The police began their investigation of Ernie May's death on the morning of the 13th, and, at about 2 o'clock that afternoon, defendant was apprehended and brought to the police station. He was taken to an interrogation room where he was held incommunicado and continually questioned by several police officers until about 7 o'clock that evening. At that time, his request to see and talk to his wife, first made upon his arrival at the police station and several times thereafter repeated, was granted. Though perhaps not fully and definitively articulated, it is nonetheless implicit in the record that from the time of his apprehension he was the prime suspect upon whom the police inquiry had focused and that his custodial interrogation was purposed upon elicting an incriminating statement.

Detective Sergeant Canole, who was the first officer to interrogate, testified that he told defendant before the questioning began "* * * that he had the right to refuse to answer any of my questions" and "* * * that he had the right to call an attorney of his own choice." The defendant's only response was that "* * * he wanted * * * to speak to his wife." Detective Walsh took over the questioning at about 4 o'clock, and defendant told him that he had been advised of his rights by Sergeant Canole. In addition, he "* * * continued to tell him [of] his rights, that he had the right to an attorney. He had the right to counsel. He could have his call, the use of the phone before I spoke to him. I also told him that anything that he said would be used against him."

Three other police officers also questioned defendant Chief Radice, Captain Sullivan and Officer McKenna. The record does not disclose that they advised defendant of his "rights." It does, however, reveal that defendant stipulated at the time the Chief took the stand that he had "been apprised of his rights" prior to being questioned by the Chief.

Although defendant neither signed a confession nor made a direct admission of guilt, each of the interrogating police officers testified *224 to incriminating statements he made during their respective in-custody interrogations. The defendant contends that those statements were inadmissible under Escobedo v. Illinois, 378 U.S. 478, 84 S. Ct. 1758, 12 L. Ed. 2d 977, Statev. Dufour, 99 R.I. 120, 206 A.2d 82, or State v. Mendes, 99 R.I. 606, 210 A.2d 50.

Dufour and Mendes do not apply. The defendant was interrogated on April 13, 1965, and the rights fixed in those cases extend only to persons questioned at least 30 days after May 10, 1965. State v. Gannites, 101 R.I. 216, 221 A.2d 620. It is otherwise, however, as to Escobedo, because the rights secured by that case are available to any person tried after the date on which it was decided, viz., June 22, 1964. Johnson v. New Jersey, 384 U.S. 719, 86 S. Ct. 1772, 16 L. Ed. 2d 882. The defendant qualifies because his trial began on November 8, 1965, and the question becomes whether those rights are of assistance in the circumstances of this case.

Escobedo applies to a suspect upon whom an investigation has focused and who is being interrogated while in police custody for the purpose of eliciting incriminating statements; it entitles him to the opportunity, if requested, to consult with his lawyer, and it requires the police to warn him effectively of his absolute constitutional right to remain silent. Failure to comply with the Escobedo mandates means that any statement elicited by the police from an accused during such an interrogation may not be used against him at a criminal trial.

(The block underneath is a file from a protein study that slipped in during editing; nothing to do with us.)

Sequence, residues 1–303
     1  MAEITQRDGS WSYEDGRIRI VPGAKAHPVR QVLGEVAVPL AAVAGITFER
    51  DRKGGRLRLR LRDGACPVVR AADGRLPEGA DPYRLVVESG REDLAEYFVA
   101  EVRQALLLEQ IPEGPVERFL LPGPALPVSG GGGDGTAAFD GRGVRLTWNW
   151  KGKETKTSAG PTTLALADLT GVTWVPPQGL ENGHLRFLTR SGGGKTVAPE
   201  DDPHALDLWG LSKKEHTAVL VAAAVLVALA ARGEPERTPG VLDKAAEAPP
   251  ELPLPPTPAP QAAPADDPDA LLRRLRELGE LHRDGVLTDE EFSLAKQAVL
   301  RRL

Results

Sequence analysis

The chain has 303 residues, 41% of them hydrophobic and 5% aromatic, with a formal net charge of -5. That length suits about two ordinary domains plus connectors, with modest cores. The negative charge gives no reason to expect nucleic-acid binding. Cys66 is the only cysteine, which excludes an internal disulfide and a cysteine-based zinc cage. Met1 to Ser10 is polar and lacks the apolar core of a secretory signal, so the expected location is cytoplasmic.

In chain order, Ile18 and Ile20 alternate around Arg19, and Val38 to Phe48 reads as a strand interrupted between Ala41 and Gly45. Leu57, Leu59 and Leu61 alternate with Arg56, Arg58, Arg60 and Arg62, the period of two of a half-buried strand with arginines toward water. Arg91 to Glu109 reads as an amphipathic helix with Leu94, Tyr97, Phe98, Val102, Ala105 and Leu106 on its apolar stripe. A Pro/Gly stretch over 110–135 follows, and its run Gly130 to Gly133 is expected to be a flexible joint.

It is immaterial that the statement is oral and merely incriminating, rather than written and a direct admission or confession of guilt. The law treats the one the same as it does the other. This was made clear in Miranda v. Arizona, 384 U.S. 436, 86 S. Ct. 1602, 16 L. Ed. 2d 694, when the court said at 476, 86 S. Ct. at 1629, 16 L.Ed.2d at 725: "The privilege against self-incrimination protects the individual from being compelled to incriminate himself in any manner; it does not distinguish degrees of incrimination."

The defendant did not at the trial, nor does he now, deny that at the outset of the interrogation he was advised that he had the right to call counsel and the right to refuse to answer any questions put to him; he did not at the trial, nor does he now, suggest that he did not fully comprehend the advice that he could call counsel would permit him at any stage of the interrogation to call and consult a lawyer of his own choice; he did not at the trial, nor does he now contend that he did not fully understand the advice that he might refuse to answer questions contemplated that he had the absolute right to remain silent throughout the entire interrogation; he did not at the trial, nor does he now, argue that Sergeant Canole's advice that he could refuse to answer questions extended only to questions asked by the Sergeant and not to those of the four other interrogating police officers.

Instead, his argument, as we understand it, is that the police in advising him of his right to seek counsel were merely reciting, as if by rote, his constitutional entitlements, and that their recital lost its substance and became ineffective by reason of their continuing refusal during the first five hours of his custody to allow him either to see or speak with his wife for the purpose of having her obtain counsel for him. We cannot agree that this was required by Escobedo. Whatever its implications or thrust, the supreme court in both Miranda and Johnson v. New Jersey, supra, made it clear that the extent of a suspect's right to counsel under Escobedo was an opportunity, upon request, to consult with his lawyer. It did not expand the constitutional safeguard of the right to consult to include an opportunity of a suspect to communicate with his wife so that she might obtain counsel for him. Nothing in Escobedo rendered inadmissible the incriminating statements defendant made to *225 the police during his in-custody interrogation.